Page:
Apply for Business Credit Card

Thursday, June 7, 2012 at 7:47pm by Site Administrator

Things to Consider Before Applying for a Business Credit Card



The world of business credit cards is larger than you might imagine.

Did you know that one doesn’t have to be part of a structured business to be eligible for a business credit card?

Are you aware of the specifics that will determine if you qualify for a business credit card?

Did you know only half of small business card usage is actually in a business name?

Are you aware these cards can be crucial in sorting through expenditures?

There are a number of benefits to these cards. The best way to be take advantage of them is to know what to look for, where to start and which type of card suits your purposes.

Do You Qualify?

One doesn’t necessarily have to be employed or own a specific type of business to have a business credit card. These cards are used to differentiate expenses, especially to separate business from personal purchases. This can be extremely important if you’re self-employed or own a small business where a lot of your own money might be used. Business expenses need to be itemized and a business credit card can be the easiest way to ensure this happens.

A business is any entity that provides goods and services. Do not think that because you’re selling cupcakes out of your kitchen that you wouldn’t be considered eligible. The truth is that even the smallest and most unassuming venture can be categorized as a business. Are you planning to sell a cherished stamp or comic book collection? Do you regularly sponsor community events or yard sales and provide refreshments? Are you a teacher spending quite a bit of money on school supplies for your students? Any funds used to execute these projects could be viewed as a business expense.

Have a talk with an accountant or financial advisor. No one better can help you determine if what you’re spending your money on is something that constitutes a business expense.

Should You Apply?

There’s no greater way to jeopardize a business than intermingling personal and business financial resources. You’re putting your personal credit, personal assets and the credibility and creditworthiness of both yourself and the business at risk. A business credit card used for nothing more than business expenses virtually eliminates that risk. There will be records of business purchases and expenses, which is absolutely vital to running a successful company. Plus, as these cards come with detailed reports from their agencies, expenses could be broken down by category. Make it easy to plan a budget and identify tax deductions, saving a tremendous amount of time on bookkeeping.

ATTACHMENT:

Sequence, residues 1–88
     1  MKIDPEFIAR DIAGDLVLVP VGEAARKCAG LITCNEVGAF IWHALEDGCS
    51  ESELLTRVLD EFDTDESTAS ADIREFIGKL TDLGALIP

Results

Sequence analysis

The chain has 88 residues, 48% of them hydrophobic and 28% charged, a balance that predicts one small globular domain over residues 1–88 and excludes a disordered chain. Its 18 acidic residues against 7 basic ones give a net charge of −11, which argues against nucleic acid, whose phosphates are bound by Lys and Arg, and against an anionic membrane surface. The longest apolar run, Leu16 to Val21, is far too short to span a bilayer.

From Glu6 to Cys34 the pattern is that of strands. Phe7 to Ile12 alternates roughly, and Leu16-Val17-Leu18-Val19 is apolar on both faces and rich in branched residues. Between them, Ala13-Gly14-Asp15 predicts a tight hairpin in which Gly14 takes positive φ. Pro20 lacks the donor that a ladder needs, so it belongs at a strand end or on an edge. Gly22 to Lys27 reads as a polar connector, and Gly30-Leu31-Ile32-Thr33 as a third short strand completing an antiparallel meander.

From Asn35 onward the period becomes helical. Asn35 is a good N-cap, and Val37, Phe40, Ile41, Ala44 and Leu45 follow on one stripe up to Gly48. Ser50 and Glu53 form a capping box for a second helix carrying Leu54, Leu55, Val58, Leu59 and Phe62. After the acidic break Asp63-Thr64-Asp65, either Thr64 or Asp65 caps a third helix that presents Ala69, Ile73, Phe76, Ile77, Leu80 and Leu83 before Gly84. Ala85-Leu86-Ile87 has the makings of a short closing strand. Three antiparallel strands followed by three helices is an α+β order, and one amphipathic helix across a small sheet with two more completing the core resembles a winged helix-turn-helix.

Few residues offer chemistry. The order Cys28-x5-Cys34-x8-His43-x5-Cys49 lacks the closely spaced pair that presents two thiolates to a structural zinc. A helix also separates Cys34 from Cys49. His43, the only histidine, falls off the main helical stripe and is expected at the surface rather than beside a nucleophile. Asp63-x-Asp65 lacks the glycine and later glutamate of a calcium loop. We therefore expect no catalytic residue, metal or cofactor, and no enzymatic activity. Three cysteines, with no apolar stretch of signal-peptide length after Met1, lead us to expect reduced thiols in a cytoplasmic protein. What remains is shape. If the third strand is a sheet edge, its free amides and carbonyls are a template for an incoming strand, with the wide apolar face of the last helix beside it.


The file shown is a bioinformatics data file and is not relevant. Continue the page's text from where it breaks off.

Also, business credit cards are instrumental in keeping your company payment history separate from your personal credit. The last thing you want is business debt showing up on your personal credit report.

While close to 65% of small businesses use these cards, less than half of these cards are actually in a business name, according to the U.S. Small Business Administration. This is because you don’t necessarily need a structured business to get one. As stated earlier, buying supplies to sell a stamp collection or to sell cupcakes out of your kitchen could be considered a business as long as there’s a need to stringently maintain and separate those expenses.

Considerations

Here are a few things to take into account before applying for a business credit card:

  • Check the fine print. The terms and conditions can vary greatly from card to card.
  • What type of card do you need? Prepaid, business debit, unsecured or secured corporate, credit, charge, merchant, or fleet card. Each has unique properties and limitations.
  • Assess your creditworthiness. Much like a personal card, agencies will take your credit history into account.
  • Look for sign-up bonuses. They don’t necessarily make for a better card, but legitimate incentives can help. These can include deferred fees the first year or points towards savings.
  • Build your company’s credit. These cards should only report to credit files affiliated with the business, not your personal records.
  • Be wary of teaser rates or other special offers. No interest promotions or being able to borrow money can come with strings.
  • Avoid personal guarantees. A solid credit issuer working with an established company will offer credit extension without personal guarantees.
  • Avoid applying for multiple cards. This is a red flag and will negatively impact ratings.

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